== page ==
The NASA-TLX and Human Factors

In 1988, Sandra G. Hart of NASA’s Human Performance Group and Lowell E. Staveland of San Jose State University introduced the NASA Task Load Index (NASA-TLX). With more than 15,000 citations listed on Google Scholar since 1988, it has spread far beyond its original application of aviation, focus, and the English language (Hart, 2006).

The NASA-TLX estimates users’ perceived cognitive demand, which can help gauge a system’s usability, effectiveness, or comfort. The “immediate, often unverbalized impressions that occur spontaneously” (Hart & Staveland, 1988) are of particular interest, as they are either difficult or impossible to observe objectively. Researchers are not mind-readers, so understanding how a user feels sometimes requires – shocker – asking them how they feel.

Six Subscales

A key benefit of the NASA-TLX is how quick and easy it is to administer. Users simply rate how demanding a given task was along six subscales, or dimensions, on a scale from 1 (low/good) to 20 (high/poor). The original dimensions are:

  • Mental Demand – How much mental and perceptual activity was required? Was the task easy or demanding, simple or complex, exacting or forgiving?
  • Physical Demand – How much physical activity was required? Was the task easy or demanding? Slow or brisk? Slack or strenuous? Restful or laborious?
  • Temporal Demand How much time pressure did you feel due to the rate or pace at which the tasks or task elements occurred? Was the pace slow and leisurely or rapid and frantic?
  • Frustration Level – How insecure, discouraged, irritated, stressed, and annoyed versus secure, gratified, content, relaxed and complacent did you feel during the task?
  • Effort – How hard did you have to work (mentally and physically) to accomplish your level of performance?
  • Performance – How successful do you think you were in accomplishing the goals of the task set by the experimenter (or yourself)? What is your level of satisfaction?

The authors held these dimensions to be key ingredients of overall “workload” for “most people” in “most scenarios” (Hart, 2006), but they have been tailored to different studies over the years. Subscales are often added, deleted, or modified. For example, the Surgery Task Load Index (SURG-TLX; Wilson et al., 2011) changed three dimensions to better represent the workload of surgeons in the operating room. Modifying questionnaires in this way should be done cautiously because it essentially creates a new questionnaire, which in turn requires “establishing validity, sensitivity, and reliability of the new instrument before using it” (Hart, 2006).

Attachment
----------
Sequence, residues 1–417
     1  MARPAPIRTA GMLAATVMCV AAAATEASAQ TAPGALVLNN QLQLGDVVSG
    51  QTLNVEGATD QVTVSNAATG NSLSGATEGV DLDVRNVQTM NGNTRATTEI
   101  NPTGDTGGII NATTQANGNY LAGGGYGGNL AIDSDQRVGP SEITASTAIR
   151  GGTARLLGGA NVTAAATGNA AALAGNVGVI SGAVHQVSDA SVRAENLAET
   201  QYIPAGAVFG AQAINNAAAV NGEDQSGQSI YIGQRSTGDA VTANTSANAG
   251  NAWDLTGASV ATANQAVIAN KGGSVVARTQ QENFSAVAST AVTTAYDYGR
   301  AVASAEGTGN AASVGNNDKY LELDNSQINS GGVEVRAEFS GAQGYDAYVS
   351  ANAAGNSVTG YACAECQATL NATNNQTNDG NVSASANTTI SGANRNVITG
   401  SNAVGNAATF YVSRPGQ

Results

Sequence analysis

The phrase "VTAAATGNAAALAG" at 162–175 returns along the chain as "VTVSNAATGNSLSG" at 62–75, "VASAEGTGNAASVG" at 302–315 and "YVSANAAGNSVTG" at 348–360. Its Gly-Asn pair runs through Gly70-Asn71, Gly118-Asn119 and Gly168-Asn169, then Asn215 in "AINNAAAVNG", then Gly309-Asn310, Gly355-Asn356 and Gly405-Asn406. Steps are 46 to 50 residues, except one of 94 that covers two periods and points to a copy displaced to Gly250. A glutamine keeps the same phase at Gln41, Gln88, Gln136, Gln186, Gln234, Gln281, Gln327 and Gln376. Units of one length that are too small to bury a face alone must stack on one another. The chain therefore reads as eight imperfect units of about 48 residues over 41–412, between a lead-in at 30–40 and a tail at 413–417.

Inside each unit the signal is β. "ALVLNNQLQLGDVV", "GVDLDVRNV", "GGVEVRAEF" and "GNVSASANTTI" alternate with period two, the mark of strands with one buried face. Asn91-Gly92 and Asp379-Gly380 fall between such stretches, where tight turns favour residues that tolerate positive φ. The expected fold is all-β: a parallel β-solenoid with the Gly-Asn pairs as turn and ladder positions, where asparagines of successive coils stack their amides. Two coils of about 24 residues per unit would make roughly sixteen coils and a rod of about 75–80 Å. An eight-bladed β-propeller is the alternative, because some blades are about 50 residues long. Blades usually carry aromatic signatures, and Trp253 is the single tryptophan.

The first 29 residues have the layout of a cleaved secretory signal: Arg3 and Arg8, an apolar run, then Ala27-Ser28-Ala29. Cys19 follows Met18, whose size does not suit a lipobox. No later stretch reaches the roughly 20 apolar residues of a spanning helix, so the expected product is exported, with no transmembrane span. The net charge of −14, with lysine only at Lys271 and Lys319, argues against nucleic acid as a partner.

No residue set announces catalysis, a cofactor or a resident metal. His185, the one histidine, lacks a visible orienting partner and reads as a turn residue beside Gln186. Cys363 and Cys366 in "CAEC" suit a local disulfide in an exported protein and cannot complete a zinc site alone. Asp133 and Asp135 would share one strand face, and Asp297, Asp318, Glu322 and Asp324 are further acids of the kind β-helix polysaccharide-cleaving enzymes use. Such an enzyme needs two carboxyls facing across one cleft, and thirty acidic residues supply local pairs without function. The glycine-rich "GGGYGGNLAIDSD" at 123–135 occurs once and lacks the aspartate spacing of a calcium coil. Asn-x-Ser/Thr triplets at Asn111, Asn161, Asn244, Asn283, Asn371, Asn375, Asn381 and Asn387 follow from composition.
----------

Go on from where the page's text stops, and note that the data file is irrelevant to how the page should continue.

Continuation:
Validating the NASA-TLX was critical to show that subscale ratings could be combined into a single overall workload score. This has traditionally been done using one of two methods:

  • Weighted combination – users are shown all 15 pairwise comparisons of dimensions (e.g., Mental Demand vs. Physical Demand, Effort vs. Performance, and so on) and asked to select which better represented their experience of demand. The number of times a dimension was selected determines its weight (or importance) and the weights are then multiplied by raw ratings and either averaged or summed into an overall score.
  • Unweighted combination – users do not perform the pairwise comparisons procedure. Instead, raw ratings from each subscale are simply averaged or summed into an overall score, which assumes that each dimension was equally important (this is often referred to as a Raw-TLX, or RTLX, score; Hart, 2006).

The ability to obtain a single value that captures a user’s overall experience of workload has been a particularly appealing feature of the NASA-TLX. Researchers have long compared these different calculation methods (cf, Byers, Bittner, & Hill, 1989; Hendy, Hamilton, & Landry, 1993; Liu & Wickens, 1994). However, after 35 years since its inception, the mere idea of calculating an overall score is now on the chopping block…

Overall Workload Scores – ‘Mathematically Meaningless’?

Very recently, a new article has led some cognitive workload researchers to get sweaty palms, and with a title like The Mathematical Meaninglessness of the NASA Task Load Index (Bolton, Biltekoff, & Humphrey, 2023), it’s no wonder. The authors performed a sophisticated analysis to assess fundamental properties of the NASA-TLX, including what different ratings even mean. We highly recommend reading that article for more detail, but here are some main takeaways:

  • Overall workload scores are ‘mathematically meaningless’ if the traditional calculations mentioned above are used. This is for a few reasons, including that:
    • Ratings for the Effort subscale are not directly comparable to other dimensions, so combining them all is conceptually like combining “different temperatures, some in Fahrenheit and some in Celsius” (Bolton et al., 2023; p. 598).
    • Ratings across some dimensions tend to be highly correlated, meaning that they are not truly independent parts of the “workload” whole.
  • Subscale ratings alone are not ‘mathematically meaningless’. After all, they are nothing more than a simple Likert-scale ratings for different concepts.
    • The analysis also confirmed that these ratings can be analyzed with popular parametric statistical tests (we’re looking at you, t-tests).
  • Future research is needed to determine whether and how dimension scores can be collapsed into an overall workload score.
    • In a pinch, you could drop the oddball Effort subscale and combine the others.